Drink Driving: Did you know Scotland has a lower legal limit?

Scotland has a lower legal alcohol limit than the rest of the UK

Drink Driving: Did you know Scotland has a lower legal limit?

Drink Driving: Did you know Scotland has a lower legal limit? https://wvl.co.uk/wp-content/uploads/Scotland-alcohol-featured.jpg 660 300 Anthony Anthony https://secure.gravatar.com/avatar/a9c4089fd91833b9d9ac3cd2423e0fcb?s=96&d=mm&r=g

On 5th December 2014 the drink driving laws in Scotland were revised to lower the legal limit from 80mg alcohol per 100ml blood, to 50mg. This significant reduction brings Scotland in line with most other European countries, leaving England, Wales and Northern Ireland sharing the highest legal limit with Malta, and was a decisive step towards saving lives and making Scotland’s roads safer.

Level of alcohol England, Wales, Northern Ireland Scotland
Micrograms per 100 millilitres of breath 35 22
Milligrams per 100 millilitres of blood 80 50

Has it worked?

Data since the change has been very positive. The prediction was that without any change in behaviour, convictions would increase by a third. But remarkably, there was no peak in convictions (showing drivers’ drinking behaviours to have changed) and the number of drink driving offences in fact fell during the first quarter after the change.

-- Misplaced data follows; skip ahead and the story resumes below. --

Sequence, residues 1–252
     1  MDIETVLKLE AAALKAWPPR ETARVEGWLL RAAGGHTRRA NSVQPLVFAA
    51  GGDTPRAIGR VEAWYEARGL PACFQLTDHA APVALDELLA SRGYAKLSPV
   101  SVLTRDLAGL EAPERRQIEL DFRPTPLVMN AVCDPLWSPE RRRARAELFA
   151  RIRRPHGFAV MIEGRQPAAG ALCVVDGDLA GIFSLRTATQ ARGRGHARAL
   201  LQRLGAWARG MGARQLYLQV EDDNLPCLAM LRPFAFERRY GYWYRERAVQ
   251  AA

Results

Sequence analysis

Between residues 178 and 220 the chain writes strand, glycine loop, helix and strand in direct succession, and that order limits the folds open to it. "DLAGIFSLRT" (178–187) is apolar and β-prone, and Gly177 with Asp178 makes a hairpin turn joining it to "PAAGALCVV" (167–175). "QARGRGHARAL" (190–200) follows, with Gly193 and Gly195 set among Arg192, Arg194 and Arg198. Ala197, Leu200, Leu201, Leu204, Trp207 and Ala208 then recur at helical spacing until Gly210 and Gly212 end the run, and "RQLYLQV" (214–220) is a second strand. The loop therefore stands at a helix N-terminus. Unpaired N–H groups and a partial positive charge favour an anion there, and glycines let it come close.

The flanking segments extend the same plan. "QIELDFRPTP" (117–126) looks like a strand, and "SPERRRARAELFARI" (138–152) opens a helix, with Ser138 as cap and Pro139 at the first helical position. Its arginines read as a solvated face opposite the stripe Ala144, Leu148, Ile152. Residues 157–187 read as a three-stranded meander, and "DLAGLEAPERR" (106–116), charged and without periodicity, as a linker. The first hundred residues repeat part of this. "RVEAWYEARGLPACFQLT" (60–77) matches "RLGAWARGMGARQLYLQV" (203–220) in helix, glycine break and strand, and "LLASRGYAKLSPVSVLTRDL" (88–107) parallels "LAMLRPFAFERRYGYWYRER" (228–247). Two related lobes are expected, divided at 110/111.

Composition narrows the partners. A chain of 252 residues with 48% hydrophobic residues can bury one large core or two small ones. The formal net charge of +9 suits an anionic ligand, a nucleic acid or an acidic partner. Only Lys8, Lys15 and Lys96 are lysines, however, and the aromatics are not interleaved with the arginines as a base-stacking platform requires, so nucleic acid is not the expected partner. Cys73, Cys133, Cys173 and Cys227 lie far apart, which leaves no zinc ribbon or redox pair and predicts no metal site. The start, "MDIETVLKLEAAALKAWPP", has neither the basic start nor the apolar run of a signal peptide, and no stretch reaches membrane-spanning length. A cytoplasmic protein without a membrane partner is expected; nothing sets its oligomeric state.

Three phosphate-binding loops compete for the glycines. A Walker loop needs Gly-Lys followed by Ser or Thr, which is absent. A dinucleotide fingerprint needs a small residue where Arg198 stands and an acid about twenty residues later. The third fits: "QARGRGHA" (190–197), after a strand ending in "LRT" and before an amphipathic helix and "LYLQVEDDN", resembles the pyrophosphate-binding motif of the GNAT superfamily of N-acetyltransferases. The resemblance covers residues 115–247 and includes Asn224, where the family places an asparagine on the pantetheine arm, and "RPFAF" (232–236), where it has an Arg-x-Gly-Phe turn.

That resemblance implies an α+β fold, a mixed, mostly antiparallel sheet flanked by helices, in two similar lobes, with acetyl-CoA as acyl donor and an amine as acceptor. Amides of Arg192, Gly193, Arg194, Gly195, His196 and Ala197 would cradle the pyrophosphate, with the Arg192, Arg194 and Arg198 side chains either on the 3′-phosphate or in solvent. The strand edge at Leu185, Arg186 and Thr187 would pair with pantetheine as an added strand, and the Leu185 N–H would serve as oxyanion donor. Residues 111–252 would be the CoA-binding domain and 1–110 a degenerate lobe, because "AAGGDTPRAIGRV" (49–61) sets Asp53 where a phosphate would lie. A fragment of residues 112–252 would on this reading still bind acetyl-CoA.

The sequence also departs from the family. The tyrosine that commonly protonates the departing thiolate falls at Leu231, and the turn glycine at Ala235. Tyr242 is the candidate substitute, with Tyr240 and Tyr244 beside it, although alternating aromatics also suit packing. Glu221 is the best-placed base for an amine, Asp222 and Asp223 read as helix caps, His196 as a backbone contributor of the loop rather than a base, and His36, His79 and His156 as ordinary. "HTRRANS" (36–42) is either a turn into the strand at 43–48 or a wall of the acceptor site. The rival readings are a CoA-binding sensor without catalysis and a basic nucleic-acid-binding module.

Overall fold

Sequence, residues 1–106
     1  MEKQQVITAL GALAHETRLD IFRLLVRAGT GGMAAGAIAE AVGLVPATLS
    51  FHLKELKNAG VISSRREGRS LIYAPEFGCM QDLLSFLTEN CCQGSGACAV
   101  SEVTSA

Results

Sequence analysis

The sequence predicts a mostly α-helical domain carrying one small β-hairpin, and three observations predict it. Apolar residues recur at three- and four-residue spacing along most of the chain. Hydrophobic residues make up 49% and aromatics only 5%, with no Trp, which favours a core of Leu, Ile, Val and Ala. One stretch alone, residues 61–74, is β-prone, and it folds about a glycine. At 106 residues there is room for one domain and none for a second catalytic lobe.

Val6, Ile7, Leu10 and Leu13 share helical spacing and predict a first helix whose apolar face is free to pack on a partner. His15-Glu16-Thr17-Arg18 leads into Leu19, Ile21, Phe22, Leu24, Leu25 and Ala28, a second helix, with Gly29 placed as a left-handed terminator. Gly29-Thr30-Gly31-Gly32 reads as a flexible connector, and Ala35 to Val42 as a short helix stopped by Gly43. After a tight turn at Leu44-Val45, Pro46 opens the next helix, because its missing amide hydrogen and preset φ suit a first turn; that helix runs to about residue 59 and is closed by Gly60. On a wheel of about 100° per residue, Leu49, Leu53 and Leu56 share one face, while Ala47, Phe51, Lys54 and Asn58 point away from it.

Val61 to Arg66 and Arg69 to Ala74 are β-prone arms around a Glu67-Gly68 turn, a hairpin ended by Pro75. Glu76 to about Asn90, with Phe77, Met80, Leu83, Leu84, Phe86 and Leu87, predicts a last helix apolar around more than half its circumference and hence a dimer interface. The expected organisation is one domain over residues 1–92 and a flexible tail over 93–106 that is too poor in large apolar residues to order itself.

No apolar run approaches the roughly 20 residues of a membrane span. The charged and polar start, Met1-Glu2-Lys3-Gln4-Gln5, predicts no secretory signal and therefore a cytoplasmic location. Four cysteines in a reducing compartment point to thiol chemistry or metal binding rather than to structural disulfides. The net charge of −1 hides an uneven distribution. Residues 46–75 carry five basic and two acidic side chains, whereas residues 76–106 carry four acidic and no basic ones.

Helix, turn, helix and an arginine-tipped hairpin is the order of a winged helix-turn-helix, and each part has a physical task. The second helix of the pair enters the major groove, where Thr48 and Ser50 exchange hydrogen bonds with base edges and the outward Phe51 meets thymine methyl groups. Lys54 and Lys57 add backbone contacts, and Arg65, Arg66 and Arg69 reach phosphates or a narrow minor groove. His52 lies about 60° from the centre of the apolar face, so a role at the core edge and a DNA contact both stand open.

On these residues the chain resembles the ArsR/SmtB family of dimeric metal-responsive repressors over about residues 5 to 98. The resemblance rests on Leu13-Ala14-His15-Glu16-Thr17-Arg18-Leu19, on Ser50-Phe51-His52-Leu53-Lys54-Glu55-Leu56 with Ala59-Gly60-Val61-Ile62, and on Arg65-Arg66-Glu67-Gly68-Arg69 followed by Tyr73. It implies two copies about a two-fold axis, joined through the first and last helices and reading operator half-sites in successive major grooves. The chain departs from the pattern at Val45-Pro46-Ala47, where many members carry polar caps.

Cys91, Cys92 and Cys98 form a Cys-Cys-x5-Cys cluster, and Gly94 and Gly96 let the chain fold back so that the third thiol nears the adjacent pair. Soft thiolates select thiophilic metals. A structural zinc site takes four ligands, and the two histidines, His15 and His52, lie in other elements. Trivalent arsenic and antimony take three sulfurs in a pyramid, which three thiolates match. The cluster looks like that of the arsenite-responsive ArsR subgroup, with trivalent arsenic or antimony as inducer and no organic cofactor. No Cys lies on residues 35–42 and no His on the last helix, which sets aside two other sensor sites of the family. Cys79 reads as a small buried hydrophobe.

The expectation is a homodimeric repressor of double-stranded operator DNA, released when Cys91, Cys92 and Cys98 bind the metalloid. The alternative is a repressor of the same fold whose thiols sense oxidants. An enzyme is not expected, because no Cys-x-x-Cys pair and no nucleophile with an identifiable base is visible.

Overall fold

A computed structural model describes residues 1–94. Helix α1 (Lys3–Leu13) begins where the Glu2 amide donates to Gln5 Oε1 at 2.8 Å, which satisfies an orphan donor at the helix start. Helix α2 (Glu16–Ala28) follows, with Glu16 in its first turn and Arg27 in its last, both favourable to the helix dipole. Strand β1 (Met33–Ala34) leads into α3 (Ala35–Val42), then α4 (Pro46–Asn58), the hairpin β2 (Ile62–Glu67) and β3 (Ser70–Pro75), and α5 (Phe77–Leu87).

The change wasn’t met with widespread approval though as the Bank of Scotland reported the country’s modified drinking habits to be partly responsible for an observed economic downturn – bar sales dropping by up to 60 per cent in the two months following the introduction of the new limit, with some likening it to prohibition. Awareness campaigns stated that the only way to be sure of being under the limit was not to drink at all if you were driving, and the nation evidently took the message to heart.

Will England follow?

Whether England will follow suit is another matter: the Department For Transport said this February that they have no plans to bring the limit down to 50mg. Brake, the charity for road safety, are in favour of a limit as low as 20mg – as close to a total ban as is practicable without penalising those with trace amounts in their blood – also stating the only safe amount to drink being ‘no drink’. But on Radio 4’s Today programme, a representative for the pub trade made the point that the majority of fatalities are caused by drivers well over the limit – a ‘hardcore minority’ – and that lowering the limit would penalise everyday motorists and raise issues of personal liberty.

Historically, imposing a limit has saved lives. Since the introduction of the breathalyser in the 60s and the 1967 Road Safety Act, where the 80mg limit was originally set there has been an improvement in road safety and reduction in the number of drink-drive related deaths: 1,640 deaths in 1979 down to 230 in 2012, the new data showing that lowering it helps build on that success.

In real terms

What do the levels mean in real terms? For the average man, a 50mg limit would mean they could consume just under a pint of beer or a large glass of wine and for women, half a pint of beer or a small glass of wine according to forensic toxicologist Dr Hazel Torrance. In fact, there have been two recent cases where drivers claiming to have drunk only a single pint were each fined £450 and banned from driving for a year.